Crimson Swimmers Will Meet Army Today at IAB

After Victories Over Dartmouth and Navy

The Harvard swim machine that has been rampaging through the Eastern Intercollegiate Swim League (EISL) will face a mediocre Army team this afternoon in a 3:30 contest at the IAB.

The Crimson swimmers that convincingly demolished EISL foes Dartmouth and Navy earlier in the season should not have too much trouble with the Cadets, still a little shell-shocked from a 69-44 shellacking by the aquamen from Princeton on Wednesday.

Army boasts a squad built around a bunch of good freshmen and a few steady upperclassmen. Ray Bosse, the star plebe, is the best all-around swimmer on the squad. His best times include a 2:02.61 in his specialty, the 200-yard individual medley this year.

Ted Kanamine, a freshman freestyler, set back to back Army freshman records in the 200-yard freestyle (1:46.99) and the 1000-yard freestyle (10:16) against Rutgers last week. Cadet Jeff Boatright, Army's other Eastern prospect, raced a 1:59.6 in his specialty, the 200-yard butterfly, against Princeton.

Plebes In Trouble


"Army has trouble with anyone in the East this year," Greg Islan, assistant director of sports information at Army, said yesterday. "We are hoping that a couple of these plebes will turn the tide for us."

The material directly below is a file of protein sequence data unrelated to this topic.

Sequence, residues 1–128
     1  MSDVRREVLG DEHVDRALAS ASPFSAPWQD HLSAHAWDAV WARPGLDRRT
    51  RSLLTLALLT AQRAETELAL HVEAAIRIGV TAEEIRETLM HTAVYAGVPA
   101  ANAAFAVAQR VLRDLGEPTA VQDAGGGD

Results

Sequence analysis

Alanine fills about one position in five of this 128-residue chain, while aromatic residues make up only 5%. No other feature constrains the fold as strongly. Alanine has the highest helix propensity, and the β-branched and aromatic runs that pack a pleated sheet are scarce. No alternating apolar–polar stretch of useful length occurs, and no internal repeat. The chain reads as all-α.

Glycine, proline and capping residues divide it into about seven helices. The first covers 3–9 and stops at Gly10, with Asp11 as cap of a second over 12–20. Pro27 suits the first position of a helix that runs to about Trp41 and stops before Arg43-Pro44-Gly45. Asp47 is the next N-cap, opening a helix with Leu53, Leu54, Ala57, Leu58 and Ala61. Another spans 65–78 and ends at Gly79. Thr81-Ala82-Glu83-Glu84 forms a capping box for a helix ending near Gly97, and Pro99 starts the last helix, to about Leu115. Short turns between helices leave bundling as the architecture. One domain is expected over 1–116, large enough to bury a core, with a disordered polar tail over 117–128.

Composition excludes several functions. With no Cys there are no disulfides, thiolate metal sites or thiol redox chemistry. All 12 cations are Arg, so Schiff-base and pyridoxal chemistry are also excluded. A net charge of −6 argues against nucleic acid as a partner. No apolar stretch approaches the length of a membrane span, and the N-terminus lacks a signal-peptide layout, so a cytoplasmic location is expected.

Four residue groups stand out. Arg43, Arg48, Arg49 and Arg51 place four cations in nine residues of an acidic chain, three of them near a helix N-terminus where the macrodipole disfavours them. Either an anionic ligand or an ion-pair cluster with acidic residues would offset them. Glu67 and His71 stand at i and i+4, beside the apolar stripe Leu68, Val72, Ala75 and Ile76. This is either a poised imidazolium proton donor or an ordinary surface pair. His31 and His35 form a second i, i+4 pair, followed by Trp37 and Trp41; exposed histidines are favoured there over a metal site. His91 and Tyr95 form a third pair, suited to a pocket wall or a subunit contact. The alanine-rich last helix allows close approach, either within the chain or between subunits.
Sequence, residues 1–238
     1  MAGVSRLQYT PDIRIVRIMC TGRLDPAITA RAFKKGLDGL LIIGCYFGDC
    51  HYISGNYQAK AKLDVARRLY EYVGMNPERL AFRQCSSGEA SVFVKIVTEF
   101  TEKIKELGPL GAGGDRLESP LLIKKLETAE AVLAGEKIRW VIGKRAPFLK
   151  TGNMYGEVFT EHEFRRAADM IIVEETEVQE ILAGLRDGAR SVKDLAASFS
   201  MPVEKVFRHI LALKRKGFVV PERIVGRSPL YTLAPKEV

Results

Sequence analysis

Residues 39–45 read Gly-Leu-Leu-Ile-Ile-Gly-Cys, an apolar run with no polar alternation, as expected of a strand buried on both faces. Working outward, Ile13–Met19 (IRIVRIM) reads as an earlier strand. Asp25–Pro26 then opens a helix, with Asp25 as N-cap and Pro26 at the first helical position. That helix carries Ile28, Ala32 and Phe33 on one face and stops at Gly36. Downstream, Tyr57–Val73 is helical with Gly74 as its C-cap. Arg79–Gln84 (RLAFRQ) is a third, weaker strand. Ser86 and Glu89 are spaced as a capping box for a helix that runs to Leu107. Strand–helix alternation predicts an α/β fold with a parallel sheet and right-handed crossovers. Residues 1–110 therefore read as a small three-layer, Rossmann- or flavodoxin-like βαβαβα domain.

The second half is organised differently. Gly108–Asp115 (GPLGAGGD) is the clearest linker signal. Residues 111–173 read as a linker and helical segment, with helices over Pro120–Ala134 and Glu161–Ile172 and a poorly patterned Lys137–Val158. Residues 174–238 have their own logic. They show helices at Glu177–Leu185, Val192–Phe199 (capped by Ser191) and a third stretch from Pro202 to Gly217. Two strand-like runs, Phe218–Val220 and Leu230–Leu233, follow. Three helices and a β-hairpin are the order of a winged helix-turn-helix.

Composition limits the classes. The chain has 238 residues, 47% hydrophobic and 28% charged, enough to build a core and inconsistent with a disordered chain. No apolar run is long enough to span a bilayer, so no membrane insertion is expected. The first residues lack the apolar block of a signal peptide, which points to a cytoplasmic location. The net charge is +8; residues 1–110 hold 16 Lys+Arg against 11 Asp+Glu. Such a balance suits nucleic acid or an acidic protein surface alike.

Harvard will swim everyone pretty much in their specialties this afternoon in the first home contest. "We will give the fans an exciting meet," Harvard coach Ray Essick said yesterday. "We'll swim everyone and have everyone in their own events. There'll be some fast times."

Taking Chances

"Last week, we could take chances and experiment with our lineup to evaluate people outside their specialties," Essick said. "Today we want to evaluate everyone in their own events before our southern training trip."

"The guys have really been under a lot of academic pressure this week," Essick said, "and the trip should help things out." The Harvard swim team is scheduled to spend two weeks in San Juan over the Christmas holidays.

Even though Essick termed Army "competitive," a comparison of times shows the Crimson to have the stronger team. While Army's stellar freshman Kanamine set an Army record in the 1000-free at 10:16 last week, Harvard freshman Peter Tetlow set a Crimson record in the same event at 9:35 against Navy last Saturday.

"If you compare times, you can see we should be favored," Essick said. "On paper, we outpersonnel them."

And in the pool, the Crimson hopes to outswim them.

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